China to Give Foreigners Greater Access to Its Financial Sector -- 2nd Update
By Chao Deng and Eva Dou
BEIJING--China took a major step in opening up its financial sector, announcing a relaxation of restrictions on foreign ownership in the securities and banking sectors just hours after U.S. President Donald Trump concluded his visit to Beijing.
Vice Finance Minister Zhu Guangyao announced the moves at a briefing Friday, saying they will allow foreign companies to hold majority stakes in Chinese securities, fund-management and futures firms as well as commercial banks. Foreigners will also eventually be able to take over Chinese insurance firms.
The relaxation in the securities industry potentially paves the way for Wall Street investment banks such as Goldman Sachs Group Inc. and J.P. Morgan Chase & Co. to increase their presence in China's hard-to-crack domestic market. Currently, such firms have to pair with local brokerages in joint ventures and have been largely excluded from lucrative businesses such as trading in Chinese stocks and bonds and managing money for wealthy clients.
However, Mr. Zhu indicated the securities-industry changes would be limited, at least initially. He said detailed regulations still have to be formulated and declined to provide details on specific firms that are expected to participate, saying the securities opening would be for "single or multiple foreign investors" and would take effect "very quickly."
China will allow foreign companies to hold 51% of domestic-securities firms, up from 49% previously, and with a plan for the 51% cap to be removed three years after the new limit takes effect. The country will also remove caps for foreign stakes in Chinese banks. Under regulatory thresholds, a single foreign investor can hold as much as a 20% stake in a Chinese bank and a group of foreign investors can own up to 25% in a single bank. The government also will allow 51% foreign ownership in Chinese life-insurance companies in three years and lift that restriction entirely in five years.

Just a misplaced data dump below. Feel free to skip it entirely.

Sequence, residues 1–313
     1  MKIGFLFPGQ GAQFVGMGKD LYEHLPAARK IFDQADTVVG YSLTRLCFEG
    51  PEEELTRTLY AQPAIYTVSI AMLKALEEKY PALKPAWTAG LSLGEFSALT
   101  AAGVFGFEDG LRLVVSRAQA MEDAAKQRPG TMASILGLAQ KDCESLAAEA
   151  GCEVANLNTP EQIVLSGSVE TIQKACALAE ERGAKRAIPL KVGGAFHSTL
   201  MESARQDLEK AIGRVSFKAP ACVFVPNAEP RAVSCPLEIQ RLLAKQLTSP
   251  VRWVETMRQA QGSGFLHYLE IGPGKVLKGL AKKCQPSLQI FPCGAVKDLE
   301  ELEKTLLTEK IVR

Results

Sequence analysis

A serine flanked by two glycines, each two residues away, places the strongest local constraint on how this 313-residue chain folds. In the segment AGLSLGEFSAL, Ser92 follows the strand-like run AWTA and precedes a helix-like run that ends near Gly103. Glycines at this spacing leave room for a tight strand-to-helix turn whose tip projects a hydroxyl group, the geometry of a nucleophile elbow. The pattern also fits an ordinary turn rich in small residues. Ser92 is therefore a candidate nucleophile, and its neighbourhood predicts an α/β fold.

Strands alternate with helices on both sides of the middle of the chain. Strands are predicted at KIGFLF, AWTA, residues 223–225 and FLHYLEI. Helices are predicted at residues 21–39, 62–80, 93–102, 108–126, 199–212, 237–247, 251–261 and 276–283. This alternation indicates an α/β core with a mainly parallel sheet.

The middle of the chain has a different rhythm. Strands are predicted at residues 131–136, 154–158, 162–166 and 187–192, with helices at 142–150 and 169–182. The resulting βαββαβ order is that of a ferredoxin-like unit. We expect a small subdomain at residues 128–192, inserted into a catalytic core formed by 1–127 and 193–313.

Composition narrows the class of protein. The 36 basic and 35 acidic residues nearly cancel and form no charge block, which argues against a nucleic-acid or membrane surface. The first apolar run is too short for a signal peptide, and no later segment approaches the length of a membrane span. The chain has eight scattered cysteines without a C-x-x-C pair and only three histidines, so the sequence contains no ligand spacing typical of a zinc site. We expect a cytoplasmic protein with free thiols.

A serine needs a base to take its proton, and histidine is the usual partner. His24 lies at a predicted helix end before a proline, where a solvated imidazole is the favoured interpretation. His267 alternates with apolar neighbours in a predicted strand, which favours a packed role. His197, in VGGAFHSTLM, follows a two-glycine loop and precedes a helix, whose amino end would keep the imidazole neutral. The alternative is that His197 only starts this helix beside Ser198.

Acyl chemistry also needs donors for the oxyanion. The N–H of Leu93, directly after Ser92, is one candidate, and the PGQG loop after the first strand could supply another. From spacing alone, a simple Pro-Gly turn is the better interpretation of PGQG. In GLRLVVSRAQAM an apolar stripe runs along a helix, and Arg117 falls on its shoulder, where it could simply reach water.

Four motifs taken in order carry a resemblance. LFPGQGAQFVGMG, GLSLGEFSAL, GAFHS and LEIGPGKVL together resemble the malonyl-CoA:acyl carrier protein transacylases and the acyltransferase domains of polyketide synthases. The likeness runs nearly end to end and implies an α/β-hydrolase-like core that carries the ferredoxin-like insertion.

So far, HSBC Holdings PLC has been the only foreign bank to win regulatory approval for a majority-owned securities joint venture in China. HSBC received approval in June under special rules for Hong Kong-funded banks.
In recent years, foreign investment banks have been considering what to do about their China operations. In September, Morgan Stanley increased its stake in its Chinese joint venture to 49%, according to a filing, while UBS Group AG is in deliberations to do the same, people familiar with the matter have said.
"China is a key market for UBS and, as indicated previously, we continue to work toward increasing our stake," said Eugene Qian, head of UBS's China business.